Heated windshield washer nozzles are standard on the Tiguan SE/SEL/SEL Premium to prevent washer fluid and nozzles from freezing and help continue to keep the windshield clear in sub-freezing temperatures. The Escape doesn’t offer heated windshield washer nozzles.

Consumer Reports rated the Tiguan’s headlight performance “Very Good,” a higher rating than the Escape’s headlights, which were rated “Fair” to “Good” (depending on model and options).

To help drivers avoid possible obstacles, the Tiguan offers optional cornering lights to illuminate around corners when the turn signals are activated. The Escape doesn’t offer cornering lights. The Tiguan SEL Premium also has standard adaptive headlights to illuminate around corners automatically by reading vehicle speed and steering wheel angle.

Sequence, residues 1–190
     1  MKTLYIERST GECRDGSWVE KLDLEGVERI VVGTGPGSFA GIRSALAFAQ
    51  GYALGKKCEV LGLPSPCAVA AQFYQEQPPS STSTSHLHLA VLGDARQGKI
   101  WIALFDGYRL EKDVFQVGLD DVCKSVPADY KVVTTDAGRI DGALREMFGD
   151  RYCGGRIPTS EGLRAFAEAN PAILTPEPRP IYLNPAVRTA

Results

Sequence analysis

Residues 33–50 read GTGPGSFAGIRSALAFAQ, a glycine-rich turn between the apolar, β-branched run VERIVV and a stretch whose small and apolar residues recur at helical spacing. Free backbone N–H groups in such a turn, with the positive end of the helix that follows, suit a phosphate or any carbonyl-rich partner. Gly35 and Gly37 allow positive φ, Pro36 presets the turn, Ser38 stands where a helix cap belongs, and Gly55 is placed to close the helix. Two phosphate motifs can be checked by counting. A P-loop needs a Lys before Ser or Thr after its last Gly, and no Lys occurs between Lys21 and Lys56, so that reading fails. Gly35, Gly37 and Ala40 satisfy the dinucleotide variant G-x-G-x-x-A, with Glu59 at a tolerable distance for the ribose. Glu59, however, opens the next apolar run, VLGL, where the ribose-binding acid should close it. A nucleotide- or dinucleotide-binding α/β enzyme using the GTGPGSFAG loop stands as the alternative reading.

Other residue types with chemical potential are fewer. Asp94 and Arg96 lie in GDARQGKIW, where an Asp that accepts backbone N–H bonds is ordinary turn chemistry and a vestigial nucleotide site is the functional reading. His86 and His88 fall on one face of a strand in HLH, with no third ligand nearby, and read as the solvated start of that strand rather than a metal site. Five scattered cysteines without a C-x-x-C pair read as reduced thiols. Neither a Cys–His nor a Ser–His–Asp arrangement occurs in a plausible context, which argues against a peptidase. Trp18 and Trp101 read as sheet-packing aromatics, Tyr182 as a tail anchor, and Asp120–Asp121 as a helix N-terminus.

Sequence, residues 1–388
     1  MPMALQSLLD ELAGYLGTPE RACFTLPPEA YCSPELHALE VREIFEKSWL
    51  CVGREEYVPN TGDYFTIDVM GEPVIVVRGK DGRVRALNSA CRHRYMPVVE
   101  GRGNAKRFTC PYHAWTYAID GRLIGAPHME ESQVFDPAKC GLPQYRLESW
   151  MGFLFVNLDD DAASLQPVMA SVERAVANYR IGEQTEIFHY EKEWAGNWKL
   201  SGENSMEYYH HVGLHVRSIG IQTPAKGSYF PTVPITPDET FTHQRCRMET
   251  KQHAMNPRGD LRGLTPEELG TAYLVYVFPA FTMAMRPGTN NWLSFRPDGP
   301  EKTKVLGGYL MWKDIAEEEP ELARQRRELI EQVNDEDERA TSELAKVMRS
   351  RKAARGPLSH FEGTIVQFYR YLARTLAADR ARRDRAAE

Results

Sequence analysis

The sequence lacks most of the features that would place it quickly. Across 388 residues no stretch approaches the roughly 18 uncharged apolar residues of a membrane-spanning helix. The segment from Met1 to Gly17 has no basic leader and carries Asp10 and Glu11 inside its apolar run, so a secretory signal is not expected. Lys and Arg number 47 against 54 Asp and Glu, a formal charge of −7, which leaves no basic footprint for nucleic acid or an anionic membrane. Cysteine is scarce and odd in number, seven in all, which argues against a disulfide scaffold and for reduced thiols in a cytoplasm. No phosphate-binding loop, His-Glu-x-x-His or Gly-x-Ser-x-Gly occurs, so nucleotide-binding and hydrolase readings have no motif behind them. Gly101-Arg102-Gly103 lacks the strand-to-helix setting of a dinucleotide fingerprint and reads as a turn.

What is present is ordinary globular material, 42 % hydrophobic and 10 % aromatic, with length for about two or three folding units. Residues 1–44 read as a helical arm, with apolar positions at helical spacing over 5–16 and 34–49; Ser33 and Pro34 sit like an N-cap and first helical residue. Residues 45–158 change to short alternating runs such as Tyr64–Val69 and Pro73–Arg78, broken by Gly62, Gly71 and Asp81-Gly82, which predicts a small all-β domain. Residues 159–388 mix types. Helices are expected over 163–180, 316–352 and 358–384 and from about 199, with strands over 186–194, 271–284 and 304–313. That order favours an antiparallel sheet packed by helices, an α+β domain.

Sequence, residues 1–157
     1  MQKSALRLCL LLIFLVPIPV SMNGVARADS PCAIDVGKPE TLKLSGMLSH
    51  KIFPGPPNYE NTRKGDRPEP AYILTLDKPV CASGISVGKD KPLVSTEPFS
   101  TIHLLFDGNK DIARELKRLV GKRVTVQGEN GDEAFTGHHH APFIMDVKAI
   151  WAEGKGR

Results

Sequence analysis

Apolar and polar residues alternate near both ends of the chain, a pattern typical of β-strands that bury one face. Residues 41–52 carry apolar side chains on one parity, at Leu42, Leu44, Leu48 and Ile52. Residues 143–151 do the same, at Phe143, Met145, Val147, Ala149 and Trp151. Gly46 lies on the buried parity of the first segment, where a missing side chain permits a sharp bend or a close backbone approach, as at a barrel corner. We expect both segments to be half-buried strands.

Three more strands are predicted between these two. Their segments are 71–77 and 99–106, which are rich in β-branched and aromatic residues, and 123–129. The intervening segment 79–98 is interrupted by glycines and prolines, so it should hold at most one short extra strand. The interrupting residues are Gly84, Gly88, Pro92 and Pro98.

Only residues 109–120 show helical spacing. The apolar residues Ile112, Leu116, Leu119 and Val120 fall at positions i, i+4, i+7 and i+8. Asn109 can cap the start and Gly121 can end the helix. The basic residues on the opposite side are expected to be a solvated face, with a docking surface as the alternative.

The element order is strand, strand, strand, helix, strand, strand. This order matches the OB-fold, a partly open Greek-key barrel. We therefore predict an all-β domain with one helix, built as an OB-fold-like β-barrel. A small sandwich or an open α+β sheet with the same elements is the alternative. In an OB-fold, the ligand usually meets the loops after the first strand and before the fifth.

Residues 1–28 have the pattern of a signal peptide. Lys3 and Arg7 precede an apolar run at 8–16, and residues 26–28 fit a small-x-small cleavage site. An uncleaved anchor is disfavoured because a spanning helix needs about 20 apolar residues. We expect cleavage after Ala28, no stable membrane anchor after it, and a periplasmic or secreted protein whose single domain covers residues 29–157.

The Tiguan’s standard outside mirrors include heating elements to clear off the mirrors for better visibility. Heated mirrors cost extra on the Escape and aren’t offered on the Escape S.

When the Tiguan SEL Premium is put in reverse, the passenger rearview mirror tilts from its original position. This gives the driver a better view of the curb during parallel parking maneuvers. Shifting out of reverse puts the mirror into its original position. The Escape’s mirror doesn’t automatically adjust for backing.

Economic Advantages

The Tiguan will cost the buyer less in the long run because of its superior resale value. The IntelliChoice estimates that the Tiguan will retain 46.47% to 52.31% of its original price after five years, while the Escape only retains 41.72% to 45.81%.

Recommendations

Consumer Reports® recommends the Volkswagen Tiguan, based on reliability, safety and performance. The Ford Escape isn't recommended.

© 1991-2018 Advanta-STAR Automotive Research. All rights reserved.